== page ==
Jomon, meaning “cord-marked,” refers to the impressions left from rolling braided or twisted ropes across the surface of moist clay vessels in the Neolithic period in Japan, which is thus known as the Jomon period. At its height, this hunting and fishing culture developed a rich visual vocabulary to embellish its ceramic utensils. Early Jomon-period cooking vessels were plain, but over time a range of distinctive cord-marked and incised decorations and pinched, curvilinear rims were added. The mysterious masks, surging peaks, and undulating coils that decorate this jar are characteristic of the exhuberant ornamentation of Middle Jomon-period ceramics. A decorated vessel such as this was probably not made for daily use but for preparing food at special religious ceremonies.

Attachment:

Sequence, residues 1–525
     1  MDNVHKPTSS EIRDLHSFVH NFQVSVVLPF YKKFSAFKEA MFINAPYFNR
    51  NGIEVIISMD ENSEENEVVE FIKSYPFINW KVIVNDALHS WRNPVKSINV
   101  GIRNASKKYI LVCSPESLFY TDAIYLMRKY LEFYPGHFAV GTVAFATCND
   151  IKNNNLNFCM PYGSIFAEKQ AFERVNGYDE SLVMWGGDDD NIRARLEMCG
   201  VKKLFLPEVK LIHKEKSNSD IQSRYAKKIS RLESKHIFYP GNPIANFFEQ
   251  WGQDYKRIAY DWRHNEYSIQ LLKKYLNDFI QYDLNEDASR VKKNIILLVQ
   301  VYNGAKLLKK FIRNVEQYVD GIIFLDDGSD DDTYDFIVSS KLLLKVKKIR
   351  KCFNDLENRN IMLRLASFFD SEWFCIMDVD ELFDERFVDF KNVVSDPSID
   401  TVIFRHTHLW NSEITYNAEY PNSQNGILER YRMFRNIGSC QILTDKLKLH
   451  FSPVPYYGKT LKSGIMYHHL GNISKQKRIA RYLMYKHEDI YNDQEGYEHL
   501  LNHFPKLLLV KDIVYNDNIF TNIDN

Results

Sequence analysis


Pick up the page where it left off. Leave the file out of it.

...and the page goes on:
(Spink & Son, Zurich, Ltd., Zurich);
purchased by Kimbell Art Foundation, Fort Worth, 1974.